Depth of scope
When having a discussion about the negotiable-scope nature of some Agile processes (XP for example) an inevitable discussion about the “variables” of a software project arises. I usually abbreviate the “variables” as Q R S and T: quality, resources (a.k.a. cost), scope, and time. Many projects try to fix all of these variables and are subsequently shocked that they failed to meet their estimates on one of them. Something has to give, many Agile proponents argue that it should be scope.
Many business stakeholders are uncomfortable with negotiable scope projects because they feel like they won’t get all the business functionality that they need if they have to negotiate the scope. This is typically a concern of reducing the bredth of the scope — people don’t like to get rid of user stories, so to speak. But, another way to reduce scope is to negotiate the depth of your scope. The depth of scope is how complicated or time-consuming the requested or proposed implementation of a business requirement is.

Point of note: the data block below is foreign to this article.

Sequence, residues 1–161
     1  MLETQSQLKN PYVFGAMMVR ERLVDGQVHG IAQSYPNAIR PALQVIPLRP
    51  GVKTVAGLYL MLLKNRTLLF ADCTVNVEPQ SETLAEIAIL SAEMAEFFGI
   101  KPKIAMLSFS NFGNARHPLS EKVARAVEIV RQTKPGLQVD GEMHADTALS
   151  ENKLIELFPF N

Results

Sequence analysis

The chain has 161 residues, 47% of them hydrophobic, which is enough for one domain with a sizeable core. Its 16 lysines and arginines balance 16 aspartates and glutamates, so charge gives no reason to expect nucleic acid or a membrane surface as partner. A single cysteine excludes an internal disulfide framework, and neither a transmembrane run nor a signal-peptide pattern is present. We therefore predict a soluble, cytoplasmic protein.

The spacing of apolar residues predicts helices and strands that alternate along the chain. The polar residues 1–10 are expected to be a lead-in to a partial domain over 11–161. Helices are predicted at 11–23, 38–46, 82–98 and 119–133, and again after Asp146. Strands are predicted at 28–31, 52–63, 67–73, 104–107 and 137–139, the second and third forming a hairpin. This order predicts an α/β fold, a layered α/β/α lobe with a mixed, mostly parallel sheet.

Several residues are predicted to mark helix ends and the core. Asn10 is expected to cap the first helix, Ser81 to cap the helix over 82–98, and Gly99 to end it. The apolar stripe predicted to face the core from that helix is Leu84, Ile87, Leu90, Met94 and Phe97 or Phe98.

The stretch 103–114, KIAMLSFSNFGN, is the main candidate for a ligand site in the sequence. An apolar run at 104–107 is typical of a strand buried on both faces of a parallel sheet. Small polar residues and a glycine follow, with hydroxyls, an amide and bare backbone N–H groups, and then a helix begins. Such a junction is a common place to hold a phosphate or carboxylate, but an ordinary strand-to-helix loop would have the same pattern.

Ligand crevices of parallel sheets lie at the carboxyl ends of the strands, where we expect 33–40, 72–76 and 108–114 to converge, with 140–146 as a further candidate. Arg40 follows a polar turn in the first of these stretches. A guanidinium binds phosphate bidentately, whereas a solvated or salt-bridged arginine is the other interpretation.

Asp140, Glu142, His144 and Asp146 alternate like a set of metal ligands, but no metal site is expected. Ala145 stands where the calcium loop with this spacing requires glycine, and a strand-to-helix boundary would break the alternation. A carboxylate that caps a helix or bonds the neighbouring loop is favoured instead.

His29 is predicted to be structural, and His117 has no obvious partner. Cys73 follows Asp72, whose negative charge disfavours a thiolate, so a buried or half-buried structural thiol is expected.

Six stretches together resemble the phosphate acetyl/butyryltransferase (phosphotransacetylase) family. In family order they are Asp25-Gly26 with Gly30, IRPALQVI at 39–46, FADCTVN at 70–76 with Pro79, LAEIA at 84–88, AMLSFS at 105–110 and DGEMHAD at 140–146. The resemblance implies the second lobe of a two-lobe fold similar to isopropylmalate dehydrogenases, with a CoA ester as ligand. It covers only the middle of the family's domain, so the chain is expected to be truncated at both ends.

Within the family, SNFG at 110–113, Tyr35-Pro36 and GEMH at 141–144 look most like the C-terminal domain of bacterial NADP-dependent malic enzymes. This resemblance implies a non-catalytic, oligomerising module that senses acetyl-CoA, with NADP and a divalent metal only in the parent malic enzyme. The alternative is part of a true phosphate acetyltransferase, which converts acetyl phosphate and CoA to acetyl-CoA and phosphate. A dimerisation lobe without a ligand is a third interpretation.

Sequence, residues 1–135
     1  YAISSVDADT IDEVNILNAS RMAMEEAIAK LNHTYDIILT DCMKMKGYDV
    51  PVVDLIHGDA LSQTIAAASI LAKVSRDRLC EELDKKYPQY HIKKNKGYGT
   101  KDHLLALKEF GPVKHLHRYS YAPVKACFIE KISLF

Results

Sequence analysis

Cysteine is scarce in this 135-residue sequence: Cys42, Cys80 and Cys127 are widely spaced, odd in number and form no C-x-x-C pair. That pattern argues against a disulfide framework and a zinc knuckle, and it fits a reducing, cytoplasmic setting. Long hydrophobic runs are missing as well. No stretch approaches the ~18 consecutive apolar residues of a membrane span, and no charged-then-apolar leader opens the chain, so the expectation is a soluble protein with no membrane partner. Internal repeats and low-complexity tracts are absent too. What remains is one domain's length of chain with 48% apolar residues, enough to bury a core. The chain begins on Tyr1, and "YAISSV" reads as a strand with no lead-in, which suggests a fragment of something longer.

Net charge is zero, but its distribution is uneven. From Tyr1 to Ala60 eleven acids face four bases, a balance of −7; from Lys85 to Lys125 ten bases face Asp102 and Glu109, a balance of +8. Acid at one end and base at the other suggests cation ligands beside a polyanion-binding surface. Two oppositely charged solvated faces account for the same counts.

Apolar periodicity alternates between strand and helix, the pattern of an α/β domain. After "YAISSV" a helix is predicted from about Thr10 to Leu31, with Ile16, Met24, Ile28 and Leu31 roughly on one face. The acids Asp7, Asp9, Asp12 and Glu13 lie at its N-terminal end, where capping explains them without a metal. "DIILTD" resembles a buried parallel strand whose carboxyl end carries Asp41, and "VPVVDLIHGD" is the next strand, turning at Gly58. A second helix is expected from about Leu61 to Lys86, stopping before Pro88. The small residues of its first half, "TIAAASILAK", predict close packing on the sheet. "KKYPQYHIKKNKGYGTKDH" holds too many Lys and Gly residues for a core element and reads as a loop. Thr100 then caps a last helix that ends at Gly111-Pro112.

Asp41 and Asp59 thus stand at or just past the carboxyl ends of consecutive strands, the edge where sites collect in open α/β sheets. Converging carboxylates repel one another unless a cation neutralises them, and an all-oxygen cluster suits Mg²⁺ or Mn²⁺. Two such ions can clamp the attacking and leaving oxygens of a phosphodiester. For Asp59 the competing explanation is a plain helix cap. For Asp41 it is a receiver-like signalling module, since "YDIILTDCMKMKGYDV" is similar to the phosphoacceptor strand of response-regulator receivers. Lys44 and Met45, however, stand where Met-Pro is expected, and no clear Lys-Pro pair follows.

Here is an example of reducing the depth of your scope: your business requirement may call for a screen to add users to roles. The person defining the requirement may ask for a way to dynamically drag-and-drop stick figure images that represent people onto images of buckets that have the role names on them. When you get to this user story (or at the iteration planning meeting), the development team estimates this as 8 story points. The business person comes back and says, “WOW, that much for such a small portion of the overall functionality needed for the next release?”. This is where you can negotiate the depth. You come back with, “This could be accomplished using regular HTML elements such as checkboxes, radio buttons, or drop down lists and only cost 2 story points”.
But technical people are also guilty of increasing the depth of scope. Technical people often overdesign or overarchitect solutions. Sometimes, they like to use technologies that are less efficient, because of preference or ego. Sometimes they only provide overly complicated implementation options in planning meetings because they don’t like the thought of “hacks” going into their precious system. A good way to try and avoid “technical-person scope creep” is to use Story-Test Driven Development (STDD).